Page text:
Donald Trump's indictment on federal charges of mishandling secret documents is a politically motivated prosecution based on de-classified files and personal "mementos," one of the ex-president's lawyers argued Sunday, days before his scheduled arraignment in a Florida court.
Trump is facing 37 charges, including violations of the Espionage Act, making false statements and conspiracy regarding his mishandling of classified material – the most serious legal jeopardy the rebellious Republican has faced. His arraignment is set for Tuesday, at a federal court in Miami.
His lawyer Alina Habba argued Trump had done "nothing wrong" and would not take a plea deal to minimize fallout from the case as he seeks his party's nomination for the 2024 election.
"He would never admit guilt, because there was nothing wrong with declassifying documents," Habba told talk show "Fox News Sunday".
"This is completely politically motivated. It's election interference at its best."
Habba also portrayed Trump's opposition to federal agents searching and seizing materials in his Mar-a-Lago home as frustration over officials going through his personal effects.
"He has every right to have classified documents that he declassified... things that are mementos, things that he has a right to take," she said.
"So if I'm someone with documents that I have a right to have as the president who left the White House, do I want people rummaging through my personal items? No."
But the US attorney-general under Trump, one-time ally Bill Barr, said his former boss faces "solid counts" filed by the Department of Justice and that Trump is not a victim of a witch-hunt, as the former leader repeatedly insists.
"The idea that the president has complete authority to declare any document personal is... ridiculous," Barr told Fox.
If even half the indictment is true, "then he's toast," Barr added. "It's very, very damning."
'Still a secret'
The charges each carry up to 20 years in prison.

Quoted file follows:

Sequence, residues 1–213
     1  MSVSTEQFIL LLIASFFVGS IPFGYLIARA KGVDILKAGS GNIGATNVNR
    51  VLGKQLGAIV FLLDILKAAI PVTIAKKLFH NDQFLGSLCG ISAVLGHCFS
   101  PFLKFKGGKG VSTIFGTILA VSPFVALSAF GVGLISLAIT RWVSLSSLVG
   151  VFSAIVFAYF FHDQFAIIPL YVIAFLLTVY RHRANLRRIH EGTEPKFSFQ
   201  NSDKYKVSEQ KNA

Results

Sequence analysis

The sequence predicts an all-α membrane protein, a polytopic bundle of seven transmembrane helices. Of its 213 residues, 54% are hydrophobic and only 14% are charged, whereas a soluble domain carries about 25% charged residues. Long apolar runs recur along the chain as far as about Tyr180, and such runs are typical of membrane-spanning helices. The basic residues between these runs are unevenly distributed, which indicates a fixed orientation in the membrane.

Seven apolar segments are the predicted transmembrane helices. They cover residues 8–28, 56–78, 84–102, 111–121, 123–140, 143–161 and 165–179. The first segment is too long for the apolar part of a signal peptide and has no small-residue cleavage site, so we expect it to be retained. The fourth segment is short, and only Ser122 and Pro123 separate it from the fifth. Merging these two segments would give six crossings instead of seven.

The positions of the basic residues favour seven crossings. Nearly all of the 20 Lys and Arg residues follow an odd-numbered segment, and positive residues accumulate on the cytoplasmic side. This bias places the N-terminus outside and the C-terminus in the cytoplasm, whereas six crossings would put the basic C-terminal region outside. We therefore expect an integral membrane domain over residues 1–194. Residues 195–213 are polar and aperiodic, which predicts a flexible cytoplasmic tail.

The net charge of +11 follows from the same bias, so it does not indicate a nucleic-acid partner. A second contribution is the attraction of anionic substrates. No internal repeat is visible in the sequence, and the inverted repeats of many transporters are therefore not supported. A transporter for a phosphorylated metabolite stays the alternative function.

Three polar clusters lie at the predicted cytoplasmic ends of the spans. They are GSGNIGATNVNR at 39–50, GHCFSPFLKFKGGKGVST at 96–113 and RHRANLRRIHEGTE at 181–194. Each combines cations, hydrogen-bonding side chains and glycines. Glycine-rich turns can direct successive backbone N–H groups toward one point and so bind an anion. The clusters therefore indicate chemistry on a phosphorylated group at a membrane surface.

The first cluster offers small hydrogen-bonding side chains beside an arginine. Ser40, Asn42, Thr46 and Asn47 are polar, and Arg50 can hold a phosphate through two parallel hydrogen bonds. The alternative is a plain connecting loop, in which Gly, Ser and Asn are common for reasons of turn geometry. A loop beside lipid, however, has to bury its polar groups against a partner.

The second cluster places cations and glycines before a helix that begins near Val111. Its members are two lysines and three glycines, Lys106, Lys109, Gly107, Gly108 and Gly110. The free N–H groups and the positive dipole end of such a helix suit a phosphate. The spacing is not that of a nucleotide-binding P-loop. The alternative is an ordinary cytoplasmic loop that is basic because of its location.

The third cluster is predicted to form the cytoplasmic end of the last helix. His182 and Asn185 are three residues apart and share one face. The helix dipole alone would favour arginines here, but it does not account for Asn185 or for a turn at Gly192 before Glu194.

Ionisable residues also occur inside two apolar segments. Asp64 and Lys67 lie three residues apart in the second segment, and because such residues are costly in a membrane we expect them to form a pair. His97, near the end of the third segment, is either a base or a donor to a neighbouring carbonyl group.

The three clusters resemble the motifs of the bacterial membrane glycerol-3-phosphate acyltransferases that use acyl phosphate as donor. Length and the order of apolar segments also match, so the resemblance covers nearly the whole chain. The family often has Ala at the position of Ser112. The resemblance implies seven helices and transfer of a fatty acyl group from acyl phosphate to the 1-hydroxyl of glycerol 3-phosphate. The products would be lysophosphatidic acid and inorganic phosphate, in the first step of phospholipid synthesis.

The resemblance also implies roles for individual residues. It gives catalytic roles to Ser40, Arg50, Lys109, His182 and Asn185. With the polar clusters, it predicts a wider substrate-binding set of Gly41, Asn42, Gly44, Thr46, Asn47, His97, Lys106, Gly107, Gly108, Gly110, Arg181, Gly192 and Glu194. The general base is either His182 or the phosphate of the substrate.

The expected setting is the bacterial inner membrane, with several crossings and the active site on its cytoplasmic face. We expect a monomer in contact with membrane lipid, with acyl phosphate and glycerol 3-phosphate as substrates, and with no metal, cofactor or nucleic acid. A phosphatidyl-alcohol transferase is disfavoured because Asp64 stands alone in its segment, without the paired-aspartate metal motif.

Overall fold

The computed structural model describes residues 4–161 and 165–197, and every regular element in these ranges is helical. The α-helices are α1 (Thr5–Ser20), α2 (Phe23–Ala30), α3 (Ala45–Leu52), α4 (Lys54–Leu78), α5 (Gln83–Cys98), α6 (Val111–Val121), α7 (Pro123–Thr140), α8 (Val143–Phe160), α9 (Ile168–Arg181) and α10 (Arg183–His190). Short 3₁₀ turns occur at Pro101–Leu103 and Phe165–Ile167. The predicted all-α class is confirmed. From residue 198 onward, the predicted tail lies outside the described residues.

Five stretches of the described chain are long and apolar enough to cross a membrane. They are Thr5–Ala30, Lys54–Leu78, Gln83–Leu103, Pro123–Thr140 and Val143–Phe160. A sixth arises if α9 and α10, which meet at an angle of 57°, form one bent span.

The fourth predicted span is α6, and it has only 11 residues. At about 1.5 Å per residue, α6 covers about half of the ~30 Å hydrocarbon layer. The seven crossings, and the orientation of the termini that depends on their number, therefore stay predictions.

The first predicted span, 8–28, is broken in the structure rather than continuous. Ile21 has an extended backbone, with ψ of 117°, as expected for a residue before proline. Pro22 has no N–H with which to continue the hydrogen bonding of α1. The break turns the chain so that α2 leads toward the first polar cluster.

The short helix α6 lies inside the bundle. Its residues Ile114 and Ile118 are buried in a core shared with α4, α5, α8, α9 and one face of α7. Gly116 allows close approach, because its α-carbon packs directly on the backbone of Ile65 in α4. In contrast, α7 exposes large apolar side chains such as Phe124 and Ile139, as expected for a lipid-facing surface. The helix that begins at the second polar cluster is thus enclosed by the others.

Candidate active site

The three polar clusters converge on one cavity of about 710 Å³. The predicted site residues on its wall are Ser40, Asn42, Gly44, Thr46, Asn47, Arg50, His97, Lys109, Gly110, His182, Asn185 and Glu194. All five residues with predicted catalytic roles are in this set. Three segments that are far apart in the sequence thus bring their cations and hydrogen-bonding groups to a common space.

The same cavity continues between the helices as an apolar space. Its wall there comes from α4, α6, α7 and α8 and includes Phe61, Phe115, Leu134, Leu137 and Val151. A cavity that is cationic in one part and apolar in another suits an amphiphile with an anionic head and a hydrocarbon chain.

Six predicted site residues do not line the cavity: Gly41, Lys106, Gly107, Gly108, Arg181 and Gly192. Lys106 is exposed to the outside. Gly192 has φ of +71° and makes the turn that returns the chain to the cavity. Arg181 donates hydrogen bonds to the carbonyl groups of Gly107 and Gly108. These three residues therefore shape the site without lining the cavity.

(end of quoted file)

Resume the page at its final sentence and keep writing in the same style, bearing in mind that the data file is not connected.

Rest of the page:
In its indictment, the Justice Department described evidence including an audio recording from a July 2021 meeting that Trump, who was no longer president, had with an author, a publisher and two of his staff – none of whom had a US security clearance – in which Trump showed them what he called a "secret" and "highly confidential" document.
"This is secret information... See as president I could have declassified it," Trump said according to the indictment. "Now I can't, you know, but this is still a secret."
A defiant Trump attended Republican events Saturday, telling a GOP convention in North Carolina that the legal attack against him was being waged by "crazy lunatics."
"The baseless indictment of me by the Biden administration's weaponized department of injustice will go down as among the most horrific abuses of power in the history of our country," he said.
The twice-impeached Trump, who turns 77 Wednesday, handily leads the Republican race to see who will challenge President Joe Biden in 2024.
An ABC-Ipsos poll released Sunday highlighted the country's political polarisation over the indictment, finding that 48% of Americans think Trump should have been charged, while 47% believe the charges are politically motivated.
The poll of 910 random US adults in the aftermath of the indictment also shows a solid majority 61% find the charges very or somewhat serious, while 28% say the charges are not too serious or not serious at all.
Miami Mayor Francis Suarez said the city will have a press conference Monday to address security surrounding Trump's court appearance.
All Miamians will "be able to express their First Amendment rights," he told Fox, adding: "We're going to make sure that there is no disorder."